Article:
I recall all the other students looking at me quizzically each time I entered a class wondering, surely, “who the eff is this dude?!?” In turn, I was like, “I was here before any of you kids. A little respect is in order.” But they had no clue.

Regardless, I was completely uncomfortable.  The prior year of business school had been a cake-walk.  I smoked weed often (“often” being a euphemism for near-daily), and was carefree and happy.  I was dating a girl I loved, and life hadn’t been better.

The summer before returning to law school, her and I broke up. The timing was off. She was ready to set sail on a marital commitment, and I wasn’t sure I was yet equipped to hold down the fort for myself, individually, let alone the two of us and a future family-to-be.

Come to think of it, it was an inopportune time for the parting of ways for me personally. Inopportune doesn’t do the timing justice. It was somewhat of a perfect storm. I was trying to buckle down for what I knew would be a challenging return to law, the tide of anxiety steadily mounting as I again approached the start of classes. I was weaning myself, unsuccessfully, off of an affinity for weed which had now certainly become an outright addiction. And I was coping even more incompetently with the loss of a relationship that only later would I realize I would never truly get over. One of those.

As is the case when something happens to you, unexpectedly, which has never happened before, I was caught off guard the first time – an unsuspecting victim of a sucker-punch from a lunatic roaming the streets in the middle of the night.

Here’s how I recall it going down:

In my second week of classes, I went to sleep uneasy with the amount of material I would be covering in the next-day’s classes. I had an initial impression of the classes, and classmates, I’d be spending the next several months with. Now my anticipated anxieties had faces, and names, and context in the form of the classrooms and professors where they’d play out. This feeling alone wasn’t unusual and did not give me pause. But this time the severity of the anxiety reached new heights.

It was the shudder of my nerves that first awoke me, followed by the inconsolable escalation of mental processes, from a deep slumber to an immediate fight-or-flight response. Like the gasp of air upon sudden consciousness, arising from the throes of a nightmare. A sudden shift of the San Andreas faultline, except without the earthquake.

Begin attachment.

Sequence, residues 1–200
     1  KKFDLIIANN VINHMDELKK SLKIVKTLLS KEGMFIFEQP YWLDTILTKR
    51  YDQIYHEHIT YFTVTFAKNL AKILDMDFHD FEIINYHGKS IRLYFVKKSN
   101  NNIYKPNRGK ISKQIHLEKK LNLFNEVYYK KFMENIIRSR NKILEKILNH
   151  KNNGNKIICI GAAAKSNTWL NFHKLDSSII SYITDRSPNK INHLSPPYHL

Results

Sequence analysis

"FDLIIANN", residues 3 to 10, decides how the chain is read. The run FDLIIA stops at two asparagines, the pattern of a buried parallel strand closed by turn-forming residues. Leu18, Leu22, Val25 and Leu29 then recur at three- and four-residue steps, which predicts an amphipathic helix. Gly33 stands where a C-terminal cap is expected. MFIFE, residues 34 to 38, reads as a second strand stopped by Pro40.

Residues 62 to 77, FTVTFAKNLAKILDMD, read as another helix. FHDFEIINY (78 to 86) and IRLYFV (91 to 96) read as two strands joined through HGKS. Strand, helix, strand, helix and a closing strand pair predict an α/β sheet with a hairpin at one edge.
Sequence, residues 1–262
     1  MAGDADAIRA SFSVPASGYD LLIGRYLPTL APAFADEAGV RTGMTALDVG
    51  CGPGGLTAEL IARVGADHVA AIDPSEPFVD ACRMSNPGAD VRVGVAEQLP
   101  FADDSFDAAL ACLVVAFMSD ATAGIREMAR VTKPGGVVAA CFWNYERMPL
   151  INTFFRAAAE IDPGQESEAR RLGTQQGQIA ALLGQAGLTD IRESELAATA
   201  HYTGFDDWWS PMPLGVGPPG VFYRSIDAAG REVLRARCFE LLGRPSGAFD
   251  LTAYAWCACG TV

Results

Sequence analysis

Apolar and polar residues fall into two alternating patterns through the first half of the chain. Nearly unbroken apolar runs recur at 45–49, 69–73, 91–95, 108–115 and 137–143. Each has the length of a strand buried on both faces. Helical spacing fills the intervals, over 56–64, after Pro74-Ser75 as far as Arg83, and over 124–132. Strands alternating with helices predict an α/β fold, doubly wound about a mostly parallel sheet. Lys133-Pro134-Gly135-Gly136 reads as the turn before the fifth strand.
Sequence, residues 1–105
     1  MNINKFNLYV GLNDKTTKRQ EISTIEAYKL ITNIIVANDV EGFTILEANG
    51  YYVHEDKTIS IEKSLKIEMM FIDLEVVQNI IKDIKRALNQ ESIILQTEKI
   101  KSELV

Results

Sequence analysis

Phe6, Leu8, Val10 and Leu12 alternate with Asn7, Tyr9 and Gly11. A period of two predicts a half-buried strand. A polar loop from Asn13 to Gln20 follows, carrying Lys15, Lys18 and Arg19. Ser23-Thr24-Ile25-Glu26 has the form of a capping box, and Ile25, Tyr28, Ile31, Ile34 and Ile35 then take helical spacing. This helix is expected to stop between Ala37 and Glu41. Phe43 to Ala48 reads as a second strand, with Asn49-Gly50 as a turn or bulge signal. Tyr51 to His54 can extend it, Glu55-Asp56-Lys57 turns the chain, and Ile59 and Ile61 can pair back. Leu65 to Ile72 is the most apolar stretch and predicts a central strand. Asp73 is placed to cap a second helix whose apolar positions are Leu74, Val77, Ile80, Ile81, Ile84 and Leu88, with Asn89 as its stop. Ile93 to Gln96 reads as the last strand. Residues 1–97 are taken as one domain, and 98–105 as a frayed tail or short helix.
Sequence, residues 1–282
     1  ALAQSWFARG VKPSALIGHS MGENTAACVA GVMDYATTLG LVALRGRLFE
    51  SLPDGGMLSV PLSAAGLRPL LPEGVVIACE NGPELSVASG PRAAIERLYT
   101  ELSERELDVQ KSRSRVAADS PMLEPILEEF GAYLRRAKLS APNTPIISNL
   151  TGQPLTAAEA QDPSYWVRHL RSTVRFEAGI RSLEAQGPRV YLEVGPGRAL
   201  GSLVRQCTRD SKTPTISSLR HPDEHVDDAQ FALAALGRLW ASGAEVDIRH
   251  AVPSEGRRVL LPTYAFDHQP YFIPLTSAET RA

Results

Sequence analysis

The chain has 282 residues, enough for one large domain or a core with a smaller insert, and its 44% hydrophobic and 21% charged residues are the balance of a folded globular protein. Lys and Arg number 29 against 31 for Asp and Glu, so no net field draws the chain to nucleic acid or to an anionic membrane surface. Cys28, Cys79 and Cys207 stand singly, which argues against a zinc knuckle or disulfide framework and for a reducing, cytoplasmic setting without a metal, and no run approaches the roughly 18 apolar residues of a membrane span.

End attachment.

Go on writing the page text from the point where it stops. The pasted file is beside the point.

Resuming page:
The clock said 2:15 A.M. I had been asleep just 3 and-a-half hours. But I was far from that state now. I was drenched in a cold sweat, my sheets soaked through. They were wet to the touch, and although it was not hot out, my body was seemingly on fire.

My thoughts raced through different material I had read earlier in the week, preparing for classes I had the next day, inundating me with anxieties and fears. Would I be called on in Ethics class? How much uncomfortability did the day hold in store? And then, to other subjects: Should I not have given up on my relationship?

It was a full-fledged assault: My own mind attacking itself under the cloak of night when the rest of my being was most vulnerable. With my body and soul seeking the silent refuge of sleep, my brain had arranged an ambush.

3:45 A.M.:      Coming to grips with this twist of events, I lay open-eyed staring at the ceiling, wide-awake and yearning not-to-be. At this point, I realized that for the first time I had experienced a phenomenon a psychologist had alluded to years prior when she prophesized, “one of the dangers of anxiety disorders is their evolution into panic attacks.”

Here I was, far from that point in time the words were first uttered, experiencing my first panic attack. As it came to pass, I would need to learn to get used to them.

Next Up: “Panic Attacks and Sleepless Nights (Part II: A Poem)”

Taking Anxiety to School – Sweating in Class (Part II – A Detailed Account of My Time in Graduate School)

Pressure is relative. Everyone has a different threshold. As I’ve mentioned, anxiety predated law school. But I knew when I enrolled that the pressure in law school would test me in ways I’d never experienced. My doubts were overwhelming, and I wondered how I’d cope with the feelings….and with the sweating.

In preparation for this “war,” I had been seeing a therapist. I had a prescription for Paxil which may have been working, albeit minimally, in keeping my mood positive as I approached Day 1.